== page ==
Friends of Sam Smith includes Dan Brookes, a 16 year resident of the area, a Professor of Ecology and Evolutionary Biology at the University of Toronto and a member of the National Academy of Science, whose professional opinion is that the environmental assessment done by the Parks Board is seriously deficient and does not even satisfy its own terms of reference with regard to buffer zones like the meadow south of the Power House, the proposed site. According to Dan, the destruction of buffer zones can set back the development of a self-sustaining wetland area substantially. You’ve all got to pick up the brochure with Dan’s wonderful explanation of the park’s evolutionary journey, where he likens the park’s ecosystem in present time to a fragile child, full of life and energy and possibilities for the future. We wonder why this man’s impeccable expertise was never sought.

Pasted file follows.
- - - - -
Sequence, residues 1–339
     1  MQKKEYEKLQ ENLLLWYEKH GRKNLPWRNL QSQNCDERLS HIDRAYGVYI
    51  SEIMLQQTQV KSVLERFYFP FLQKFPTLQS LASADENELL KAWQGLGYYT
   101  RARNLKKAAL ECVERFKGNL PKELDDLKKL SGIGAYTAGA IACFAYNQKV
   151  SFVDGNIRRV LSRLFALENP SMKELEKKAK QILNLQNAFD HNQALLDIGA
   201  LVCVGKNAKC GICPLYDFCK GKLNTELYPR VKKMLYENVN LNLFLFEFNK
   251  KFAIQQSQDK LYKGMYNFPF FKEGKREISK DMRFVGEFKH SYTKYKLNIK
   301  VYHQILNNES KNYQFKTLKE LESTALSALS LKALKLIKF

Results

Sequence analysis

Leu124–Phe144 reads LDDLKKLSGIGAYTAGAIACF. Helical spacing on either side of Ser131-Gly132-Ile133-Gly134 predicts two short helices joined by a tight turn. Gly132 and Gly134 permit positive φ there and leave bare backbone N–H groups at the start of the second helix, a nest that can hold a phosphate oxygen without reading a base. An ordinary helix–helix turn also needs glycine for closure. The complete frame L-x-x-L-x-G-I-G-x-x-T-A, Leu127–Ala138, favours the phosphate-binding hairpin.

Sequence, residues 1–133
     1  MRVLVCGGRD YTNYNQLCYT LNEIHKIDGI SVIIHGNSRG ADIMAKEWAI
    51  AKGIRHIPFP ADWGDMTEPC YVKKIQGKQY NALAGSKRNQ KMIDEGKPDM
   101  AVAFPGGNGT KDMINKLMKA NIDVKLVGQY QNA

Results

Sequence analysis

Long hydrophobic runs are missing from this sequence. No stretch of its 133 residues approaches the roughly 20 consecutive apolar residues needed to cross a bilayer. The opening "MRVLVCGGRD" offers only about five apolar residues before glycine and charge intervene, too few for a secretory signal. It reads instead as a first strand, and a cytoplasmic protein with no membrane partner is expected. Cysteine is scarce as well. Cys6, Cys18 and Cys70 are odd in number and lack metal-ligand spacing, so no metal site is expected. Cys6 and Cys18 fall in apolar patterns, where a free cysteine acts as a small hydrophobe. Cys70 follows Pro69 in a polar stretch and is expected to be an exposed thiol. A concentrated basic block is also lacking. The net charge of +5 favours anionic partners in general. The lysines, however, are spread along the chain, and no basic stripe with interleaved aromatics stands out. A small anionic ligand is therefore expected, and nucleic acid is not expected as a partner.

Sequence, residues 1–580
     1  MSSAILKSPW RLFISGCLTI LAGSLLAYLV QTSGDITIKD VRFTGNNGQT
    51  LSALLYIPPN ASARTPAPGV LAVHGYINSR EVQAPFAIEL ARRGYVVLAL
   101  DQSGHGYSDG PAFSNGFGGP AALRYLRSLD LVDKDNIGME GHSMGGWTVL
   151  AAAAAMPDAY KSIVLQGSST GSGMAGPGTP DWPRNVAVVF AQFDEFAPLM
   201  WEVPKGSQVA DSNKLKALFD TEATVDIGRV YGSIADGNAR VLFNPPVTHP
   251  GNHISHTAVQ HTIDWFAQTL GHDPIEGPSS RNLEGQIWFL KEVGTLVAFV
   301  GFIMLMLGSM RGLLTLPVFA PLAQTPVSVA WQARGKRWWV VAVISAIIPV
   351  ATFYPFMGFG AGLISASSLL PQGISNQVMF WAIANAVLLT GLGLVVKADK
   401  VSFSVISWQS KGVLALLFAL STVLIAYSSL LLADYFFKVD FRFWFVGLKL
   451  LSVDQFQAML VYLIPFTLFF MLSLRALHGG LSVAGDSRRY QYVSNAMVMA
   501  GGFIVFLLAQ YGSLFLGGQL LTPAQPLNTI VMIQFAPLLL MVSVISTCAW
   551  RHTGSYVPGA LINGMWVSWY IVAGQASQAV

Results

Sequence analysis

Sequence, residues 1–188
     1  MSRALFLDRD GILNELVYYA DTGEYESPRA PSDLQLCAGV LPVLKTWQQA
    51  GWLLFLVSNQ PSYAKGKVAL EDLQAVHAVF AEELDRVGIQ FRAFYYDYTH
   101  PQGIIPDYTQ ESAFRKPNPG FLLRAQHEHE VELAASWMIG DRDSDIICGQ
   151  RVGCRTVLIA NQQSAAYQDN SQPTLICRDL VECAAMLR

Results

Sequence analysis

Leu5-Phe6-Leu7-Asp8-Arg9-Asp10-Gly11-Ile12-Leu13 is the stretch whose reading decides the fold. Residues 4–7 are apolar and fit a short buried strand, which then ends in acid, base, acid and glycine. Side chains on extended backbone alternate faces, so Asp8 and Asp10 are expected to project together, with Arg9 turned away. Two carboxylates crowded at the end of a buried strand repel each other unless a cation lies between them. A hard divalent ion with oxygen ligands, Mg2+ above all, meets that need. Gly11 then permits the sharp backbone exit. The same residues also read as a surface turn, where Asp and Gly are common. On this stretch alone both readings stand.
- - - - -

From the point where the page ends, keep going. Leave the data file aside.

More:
Friends of Sam Smith also includes teachers imaginative enough to wonder why the Power House cannot be used by both school boards as an outdoor education center – so many of these opportunities have been lost to our children in recent years. I used to bring my special ed students here every spring on a nature ramble, troubled kids from Regent Park. I would watch their hard faces melt as they held a garter snake in their hand or hear their excited wows as a hidden heron took wing right beside them. We have read and can relate to professional journals describing something called Nature Deficit Disorder, a condition increasingly seen in aggressive, stressed-out, anxious city kids who have lost their connection to the natural world, harmed in body and soul by our culture's sterile rejection of nature. We worry about that.